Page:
ERP Systems are Underutilized, Survey Says

Companies are still not fully utilizing one of their largest and most familiar IT investments — their ERP (enterprise resource planning) systems — suggests a new study by performance management firm Ventana Research.

At face value, this may seem surprising; companies typically invest tens of millions of dollars in ERP systems to manage their accounting, inventory, human resource and CRM processes. However, Joe Gulino, vice president of ERP at Green Beacon, told CRM Buyer that perhaps as many as 70 percent to 80 percent of his firm’s customers were once underutilizing their systems. “They might have been using their finance systems well, but not distribution,” he said.

Tightly Integrated

Many firms have said they would like to get more out of their CRM applications as well, he added. “Most people recognize that a tightly integrated CRM application within the ERP system brings out the best value of the investment.”

Some companies turn to upgrades as an answer to problems they perceive with their ERP systems. “It can be an opportunity to solve those core business problems that the companies initially wanted to solve but didn’t,” Guilino said.

These firms tend to look at upgrades as a silver bullet, which does little to address the issue of underutilization.

In other cases, companies are unaware that further savings and efficiencies can be wrung out of their ERP systems. Ventana Research estimates that Fortune 500 firms are currently saving US$60 billion annually because of investments made in the 1990s. However, little progress has been made since then, it said.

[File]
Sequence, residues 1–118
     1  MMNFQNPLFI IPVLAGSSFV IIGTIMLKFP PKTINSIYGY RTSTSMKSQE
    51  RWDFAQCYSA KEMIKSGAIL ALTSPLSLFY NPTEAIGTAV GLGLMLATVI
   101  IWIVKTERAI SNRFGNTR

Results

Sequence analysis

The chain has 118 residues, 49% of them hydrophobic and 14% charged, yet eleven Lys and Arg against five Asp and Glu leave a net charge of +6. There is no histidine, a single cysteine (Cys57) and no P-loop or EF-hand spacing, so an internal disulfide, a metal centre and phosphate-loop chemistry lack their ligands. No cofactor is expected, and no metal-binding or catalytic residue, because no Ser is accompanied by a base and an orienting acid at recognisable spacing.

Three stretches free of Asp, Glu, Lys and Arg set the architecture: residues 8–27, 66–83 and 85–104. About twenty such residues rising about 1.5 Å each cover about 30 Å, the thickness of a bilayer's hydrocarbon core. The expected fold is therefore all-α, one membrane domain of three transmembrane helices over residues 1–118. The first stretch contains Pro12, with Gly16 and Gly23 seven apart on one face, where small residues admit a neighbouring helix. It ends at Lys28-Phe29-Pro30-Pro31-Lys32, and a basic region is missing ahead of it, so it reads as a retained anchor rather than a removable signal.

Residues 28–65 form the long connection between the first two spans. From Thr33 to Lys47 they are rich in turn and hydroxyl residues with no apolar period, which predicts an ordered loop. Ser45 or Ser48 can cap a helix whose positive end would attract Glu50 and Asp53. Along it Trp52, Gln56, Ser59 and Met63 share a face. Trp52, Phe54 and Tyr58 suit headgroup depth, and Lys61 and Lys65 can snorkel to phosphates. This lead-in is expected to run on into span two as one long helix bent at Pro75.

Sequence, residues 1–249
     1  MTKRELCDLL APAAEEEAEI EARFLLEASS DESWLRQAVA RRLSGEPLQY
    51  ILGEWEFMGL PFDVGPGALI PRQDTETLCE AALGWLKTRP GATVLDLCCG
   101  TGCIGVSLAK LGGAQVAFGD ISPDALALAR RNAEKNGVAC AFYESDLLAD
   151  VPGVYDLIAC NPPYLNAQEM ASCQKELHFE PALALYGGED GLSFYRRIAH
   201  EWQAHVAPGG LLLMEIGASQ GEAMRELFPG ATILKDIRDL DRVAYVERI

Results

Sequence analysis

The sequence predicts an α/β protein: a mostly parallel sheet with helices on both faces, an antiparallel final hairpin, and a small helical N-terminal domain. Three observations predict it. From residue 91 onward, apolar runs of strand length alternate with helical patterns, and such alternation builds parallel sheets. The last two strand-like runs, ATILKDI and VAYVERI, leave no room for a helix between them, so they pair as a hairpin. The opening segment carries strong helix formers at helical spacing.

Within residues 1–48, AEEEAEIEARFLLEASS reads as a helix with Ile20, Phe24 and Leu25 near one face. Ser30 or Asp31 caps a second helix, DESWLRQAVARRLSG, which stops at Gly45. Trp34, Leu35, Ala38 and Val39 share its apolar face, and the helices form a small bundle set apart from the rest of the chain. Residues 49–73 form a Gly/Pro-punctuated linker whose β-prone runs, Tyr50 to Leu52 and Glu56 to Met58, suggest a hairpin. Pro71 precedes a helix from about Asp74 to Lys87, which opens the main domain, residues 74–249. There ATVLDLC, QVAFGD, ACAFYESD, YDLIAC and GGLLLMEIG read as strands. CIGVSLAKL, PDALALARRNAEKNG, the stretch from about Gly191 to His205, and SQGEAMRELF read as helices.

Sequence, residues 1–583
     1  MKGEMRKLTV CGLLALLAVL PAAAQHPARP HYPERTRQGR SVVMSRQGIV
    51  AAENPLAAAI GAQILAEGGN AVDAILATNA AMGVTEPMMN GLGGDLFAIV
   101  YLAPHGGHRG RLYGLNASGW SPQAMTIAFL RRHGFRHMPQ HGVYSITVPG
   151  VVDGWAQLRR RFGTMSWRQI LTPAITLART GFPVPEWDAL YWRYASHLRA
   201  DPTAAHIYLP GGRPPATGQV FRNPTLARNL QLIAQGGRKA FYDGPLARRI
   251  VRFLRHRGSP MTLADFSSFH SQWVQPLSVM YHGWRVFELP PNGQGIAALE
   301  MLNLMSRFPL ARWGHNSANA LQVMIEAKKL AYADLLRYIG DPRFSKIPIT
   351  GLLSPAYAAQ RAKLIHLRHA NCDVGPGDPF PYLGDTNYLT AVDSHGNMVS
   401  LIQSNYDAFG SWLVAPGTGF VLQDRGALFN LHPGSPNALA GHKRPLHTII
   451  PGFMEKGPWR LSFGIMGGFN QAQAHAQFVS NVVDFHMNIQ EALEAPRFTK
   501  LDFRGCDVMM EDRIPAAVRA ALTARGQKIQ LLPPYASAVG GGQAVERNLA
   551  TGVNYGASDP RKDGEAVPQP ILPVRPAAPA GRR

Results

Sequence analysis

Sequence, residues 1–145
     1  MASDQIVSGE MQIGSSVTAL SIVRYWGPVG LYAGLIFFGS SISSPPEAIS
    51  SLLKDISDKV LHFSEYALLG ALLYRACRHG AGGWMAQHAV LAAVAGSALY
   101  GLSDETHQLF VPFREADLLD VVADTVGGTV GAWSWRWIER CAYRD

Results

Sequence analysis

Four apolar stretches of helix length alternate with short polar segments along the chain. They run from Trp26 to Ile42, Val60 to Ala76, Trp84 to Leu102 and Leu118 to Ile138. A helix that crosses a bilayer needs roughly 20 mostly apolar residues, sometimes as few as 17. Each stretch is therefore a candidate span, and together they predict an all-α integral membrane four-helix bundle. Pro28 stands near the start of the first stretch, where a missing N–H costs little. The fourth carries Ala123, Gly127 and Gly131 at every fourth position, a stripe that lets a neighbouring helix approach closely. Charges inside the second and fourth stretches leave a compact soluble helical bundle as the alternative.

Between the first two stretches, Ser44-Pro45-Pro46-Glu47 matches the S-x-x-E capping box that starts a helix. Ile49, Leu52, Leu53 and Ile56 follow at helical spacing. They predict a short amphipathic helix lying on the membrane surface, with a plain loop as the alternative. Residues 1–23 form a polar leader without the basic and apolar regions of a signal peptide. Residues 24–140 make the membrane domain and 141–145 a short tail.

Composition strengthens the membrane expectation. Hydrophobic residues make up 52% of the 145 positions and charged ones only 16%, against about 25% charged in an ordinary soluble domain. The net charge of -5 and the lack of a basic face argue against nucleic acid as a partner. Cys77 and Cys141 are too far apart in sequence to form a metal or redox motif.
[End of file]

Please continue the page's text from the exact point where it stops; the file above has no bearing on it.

Driving Additional Value

The study also reached these conclusions:

  • A majority of respondents said they believe ERP can drive and support innovation in 11 of 12 key functional process areas such as financial and managerial reporting, purchasing and compliance and risk management.
  • Process automation and integration are proven ways to cut operating expense, increase cash flow and reduce error and fraud. Yet only half of the study’s participants have implemented an “order-to-cash” system that can accelerate cash collections. Only 30 percent are using image capture, which can improve customer satisfaction by cutting the time necessary to respond to inquiries and reducing the costs associated with unnecessary paperwork.
  • Enhancing company performance requires that companies use both financial and non-financial metrics to set objectives. Most modern ERP systems are capable of tracking much more than accounting data, but only 11 percent of survey respondents thought their ERP system captured all or most of the non-financial information required to monitor employees’ key performance indicators.

The research was sponsored by technology providers Cognos and SAP.

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